The Benefits of Musical Training
Arguably, music activates many areas of the brain. It significantly reinforces, expands and strengthens several cerebral processes. A few of these processes and areas are:
- the corpus callosum that is responsible for effective communication between left and right sides of the brain
- the motor cortex that is responsible for movements. It is involved when you dance, walk, run and so on
- the sensory cortex that is responsible for our senses, such as vision and audition; it translates stimulations into signals
Furthermore, music also affects the auditory cortex, prefrontal cortex and visual cortex. Altogether, music helps create the harmony of brain waves that result in improved intelligence.
So when you musically train, you will make your brain work more effectively.
Looking to the west at the University of California, Dr. Frances H. Rauscher said “Exposure to music from an early age appears to affect the organization of the central nervous system, making it a precious tool for early childhood educators”.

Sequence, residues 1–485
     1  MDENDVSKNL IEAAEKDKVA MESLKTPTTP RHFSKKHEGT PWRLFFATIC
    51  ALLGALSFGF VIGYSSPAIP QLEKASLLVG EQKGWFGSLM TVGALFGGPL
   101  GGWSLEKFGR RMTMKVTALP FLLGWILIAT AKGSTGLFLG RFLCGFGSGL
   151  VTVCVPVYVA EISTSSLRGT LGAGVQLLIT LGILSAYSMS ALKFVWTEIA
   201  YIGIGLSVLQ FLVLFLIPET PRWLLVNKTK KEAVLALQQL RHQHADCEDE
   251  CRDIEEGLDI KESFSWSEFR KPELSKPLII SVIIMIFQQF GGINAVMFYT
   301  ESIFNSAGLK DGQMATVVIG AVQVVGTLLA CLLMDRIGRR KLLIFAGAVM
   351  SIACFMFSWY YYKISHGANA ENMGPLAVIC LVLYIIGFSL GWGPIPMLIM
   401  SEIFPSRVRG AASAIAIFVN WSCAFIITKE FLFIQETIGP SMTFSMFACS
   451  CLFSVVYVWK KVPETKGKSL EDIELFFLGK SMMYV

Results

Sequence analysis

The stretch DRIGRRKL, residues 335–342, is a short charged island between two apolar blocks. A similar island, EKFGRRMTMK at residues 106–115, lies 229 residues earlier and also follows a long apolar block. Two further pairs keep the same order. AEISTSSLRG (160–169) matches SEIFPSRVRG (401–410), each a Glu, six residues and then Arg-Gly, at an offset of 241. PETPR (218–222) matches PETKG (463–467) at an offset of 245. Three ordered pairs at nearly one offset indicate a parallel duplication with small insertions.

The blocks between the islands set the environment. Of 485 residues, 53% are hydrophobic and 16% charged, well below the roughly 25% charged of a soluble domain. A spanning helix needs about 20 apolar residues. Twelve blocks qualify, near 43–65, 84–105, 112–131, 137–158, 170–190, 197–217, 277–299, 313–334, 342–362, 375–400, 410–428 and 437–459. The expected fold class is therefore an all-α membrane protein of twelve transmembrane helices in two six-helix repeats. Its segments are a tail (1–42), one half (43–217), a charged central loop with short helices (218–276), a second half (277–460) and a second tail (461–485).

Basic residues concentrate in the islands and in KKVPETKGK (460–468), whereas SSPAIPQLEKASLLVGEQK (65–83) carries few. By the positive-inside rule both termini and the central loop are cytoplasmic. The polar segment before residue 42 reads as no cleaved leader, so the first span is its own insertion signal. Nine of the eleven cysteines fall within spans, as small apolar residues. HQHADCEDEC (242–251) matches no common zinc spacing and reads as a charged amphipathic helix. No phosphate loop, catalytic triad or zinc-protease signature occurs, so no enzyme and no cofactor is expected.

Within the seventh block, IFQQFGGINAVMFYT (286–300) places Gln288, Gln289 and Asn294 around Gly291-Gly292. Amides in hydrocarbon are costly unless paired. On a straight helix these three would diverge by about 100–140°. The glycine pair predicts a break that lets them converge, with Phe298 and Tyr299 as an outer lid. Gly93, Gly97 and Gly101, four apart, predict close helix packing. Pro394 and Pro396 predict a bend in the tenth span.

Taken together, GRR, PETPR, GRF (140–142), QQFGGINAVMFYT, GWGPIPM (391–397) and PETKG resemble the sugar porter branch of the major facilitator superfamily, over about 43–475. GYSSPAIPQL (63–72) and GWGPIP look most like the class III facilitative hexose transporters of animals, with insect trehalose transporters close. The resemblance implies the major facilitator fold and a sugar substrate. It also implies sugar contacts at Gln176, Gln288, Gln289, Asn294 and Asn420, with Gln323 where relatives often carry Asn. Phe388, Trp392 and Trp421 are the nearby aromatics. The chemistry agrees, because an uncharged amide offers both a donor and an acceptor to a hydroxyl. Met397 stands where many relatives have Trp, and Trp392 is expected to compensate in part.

Even if your kid hates music classes, you can still get him or her engaged by singing in the car or even cooking to their favorite song. These simple activities help children interact with music and further their development skills.
But is musical training really that helpful?
Even if scientists proved that music lessons would benefit kids, they debunked the Mozart effect. The myth that kids gain intelligence is still a myth, and there are no studies that can prove it.
There is some research that shows musicians are smarter than your Average-Joe, but they cannot prove it was the musical training that made them smarter.
Harvard researchers say that music cannot make your child smarter.
When Harvard researchers analyzed the existing studies about the connection between music and intelligence, they found that most of the studies did not use the standards of scientific research, while the others could not report a correlation to intelligence.
Moreover, the IQ increase was so insignificant that it could not be considered as proof or evidence that the “music makes you smarter” theory is accurate.
So, what did Harvard researchers decide to do? They decided to perform new research and put it to the test.